Nigeria’s external reserves have dropped by $180m since the beginning of July 2021.
The latest figures from the Central Bank of Nigeria (CBM) showed that the reserves, which stood at $33.28bn on July 1, dropped to $33.09bn as of July 12 before gaining slightly to rise to $33.1bn on July 15.
In June 2021, the reserves lost $905.5m after falling to $33.32bn on June 30, 2021, from $34.23bn it was on May 31, 2021.
The country’s reserves are largely from its foreign exchange from crude oil sales.
The CBN report at the end of its Monetary Policy Committee (MPC) meeting showed that the share of fossil fuels was set to decline from the current 85 per cent of total primary energy demand in 2018 to between 20 and 65 per cent by 2050.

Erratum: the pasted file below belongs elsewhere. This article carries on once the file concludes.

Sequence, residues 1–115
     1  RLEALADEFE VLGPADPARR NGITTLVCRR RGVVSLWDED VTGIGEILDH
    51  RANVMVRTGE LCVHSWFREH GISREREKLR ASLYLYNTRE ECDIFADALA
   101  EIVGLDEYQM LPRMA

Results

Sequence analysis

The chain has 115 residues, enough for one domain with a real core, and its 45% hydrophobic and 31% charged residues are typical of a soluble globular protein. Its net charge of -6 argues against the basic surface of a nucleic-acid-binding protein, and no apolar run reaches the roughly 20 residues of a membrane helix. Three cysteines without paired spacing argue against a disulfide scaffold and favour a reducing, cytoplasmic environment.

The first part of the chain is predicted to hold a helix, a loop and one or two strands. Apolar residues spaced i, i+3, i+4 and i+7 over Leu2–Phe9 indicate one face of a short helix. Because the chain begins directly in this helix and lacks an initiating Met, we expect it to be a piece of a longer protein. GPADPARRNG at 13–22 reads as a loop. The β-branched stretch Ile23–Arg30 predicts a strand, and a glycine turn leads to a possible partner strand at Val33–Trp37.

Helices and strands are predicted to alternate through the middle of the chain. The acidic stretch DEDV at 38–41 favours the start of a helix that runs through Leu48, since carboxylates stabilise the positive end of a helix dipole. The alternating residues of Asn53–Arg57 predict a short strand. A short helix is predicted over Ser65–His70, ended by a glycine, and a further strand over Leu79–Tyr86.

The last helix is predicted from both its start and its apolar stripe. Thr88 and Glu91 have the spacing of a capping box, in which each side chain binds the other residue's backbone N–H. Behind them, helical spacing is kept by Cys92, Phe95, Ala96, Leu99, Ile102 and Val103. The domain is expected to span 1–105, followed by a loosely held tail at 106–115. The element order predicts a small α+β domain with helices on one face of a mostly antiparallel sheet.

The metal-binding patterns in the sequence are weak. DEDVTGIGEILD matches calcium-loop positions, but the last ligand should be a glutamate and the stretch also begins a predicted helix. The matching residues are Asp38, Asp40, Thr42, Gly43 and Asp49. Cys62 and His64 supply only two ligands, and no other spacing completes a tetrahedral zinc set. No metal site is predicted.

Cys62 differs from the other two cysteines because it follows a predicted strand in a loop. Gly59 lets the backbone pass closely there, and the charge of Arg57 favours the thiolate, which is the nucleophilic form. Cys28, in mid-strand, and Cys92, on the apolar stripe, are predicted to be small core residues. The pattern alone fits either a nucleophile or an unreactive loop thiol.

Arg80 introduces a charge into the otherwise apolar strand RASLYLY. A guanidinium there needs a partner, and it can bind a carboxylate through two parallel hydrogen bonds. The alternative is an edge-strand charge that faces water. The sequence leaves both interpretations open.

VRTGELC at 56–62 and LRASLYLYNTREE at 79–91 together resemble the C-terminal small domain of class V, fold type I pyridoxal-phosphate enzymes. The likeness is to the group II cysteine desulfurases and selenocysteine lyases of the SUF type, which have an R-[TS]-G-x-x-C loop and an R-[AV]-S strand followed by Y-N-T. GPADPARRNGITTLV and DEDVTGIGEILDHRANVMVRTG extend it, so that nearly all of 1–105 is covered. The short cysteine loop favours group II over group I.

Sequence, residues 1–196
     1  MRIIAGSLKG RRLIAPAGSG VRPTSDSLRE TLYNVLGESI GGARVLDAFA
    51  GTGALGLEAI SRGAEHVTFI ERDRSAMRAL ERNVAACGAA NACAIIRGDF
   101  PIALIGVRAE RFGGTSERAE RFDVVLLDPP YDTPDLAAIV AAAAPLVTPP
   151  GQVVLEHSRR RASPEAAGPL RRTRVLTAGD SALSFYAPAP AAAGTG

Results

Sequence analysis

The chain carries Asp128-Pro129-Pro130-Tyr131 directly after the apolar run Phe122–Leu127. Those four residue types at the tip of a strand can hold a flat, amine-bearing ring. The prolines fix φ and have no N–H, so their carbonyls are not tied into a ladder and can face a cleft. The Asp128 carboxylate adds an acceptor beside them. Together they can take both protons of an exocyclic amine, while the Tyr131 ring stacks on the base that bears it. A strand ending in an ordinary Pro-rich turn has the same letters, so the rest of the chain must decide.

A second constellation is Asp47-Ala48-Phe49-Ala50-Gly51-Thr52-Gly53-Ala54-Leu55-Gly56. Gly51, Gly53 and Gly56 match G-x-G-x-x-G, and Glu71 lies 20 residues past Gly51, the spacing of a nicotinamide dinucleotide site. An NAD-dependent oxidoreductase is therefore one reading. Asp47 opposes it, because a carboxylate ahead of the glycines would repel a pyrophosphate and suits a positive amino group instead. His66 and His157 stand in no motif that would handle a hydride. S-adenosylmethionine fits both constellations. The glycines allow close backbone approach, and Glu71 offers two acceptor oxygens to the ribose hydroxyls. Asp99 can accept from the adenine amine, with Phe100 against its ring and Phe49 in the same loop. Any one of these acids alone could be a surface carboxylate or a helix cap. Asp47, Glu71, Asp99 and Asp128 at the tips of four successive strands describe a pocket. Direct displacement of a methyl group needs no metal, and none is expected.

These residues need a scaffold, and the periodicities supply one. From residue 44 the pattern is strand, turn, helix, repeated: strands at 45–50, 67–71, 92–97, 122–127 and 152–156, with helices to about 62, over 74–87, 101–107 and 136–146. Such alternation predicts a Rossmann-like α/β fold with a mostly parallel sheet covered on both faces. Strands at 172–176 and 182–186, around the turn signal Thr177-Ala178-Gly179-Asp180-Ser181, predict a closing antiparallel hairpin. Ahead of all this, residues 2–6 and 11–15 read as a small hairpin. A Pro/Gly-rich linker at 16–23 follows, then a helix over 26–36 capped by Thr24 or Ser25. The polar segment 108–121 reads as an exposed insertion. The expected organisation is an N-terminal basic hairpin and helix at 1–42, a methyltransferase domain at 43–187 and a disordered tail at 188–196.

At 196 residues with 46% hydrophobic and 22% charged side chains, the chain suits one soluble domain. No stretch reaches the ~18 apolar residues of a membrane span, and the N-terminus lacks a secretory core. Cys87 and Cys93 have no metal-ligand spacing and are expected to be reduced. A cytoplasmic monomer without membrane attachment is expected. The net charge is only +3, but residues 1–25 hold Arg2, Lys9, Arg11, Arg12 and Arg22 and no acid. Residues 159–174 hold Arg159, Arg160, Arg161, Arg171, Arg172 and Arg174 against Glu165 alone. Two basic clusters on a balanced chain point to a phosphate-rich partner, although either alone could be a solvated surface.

It said as such, crude oil demand was forecast to decline, led by the evolution of electric, hydrogen and biofuel-powered means of transport.
It stressed the need to diversify the Nigerian economy.
It said in addition to adopting new technologies that supported the agenda of the green economy, Nigeria’s developmental objectives should also focus on encouraging non-oil export promotion to improve the country’s trade balance and increase the accretion to external reserves.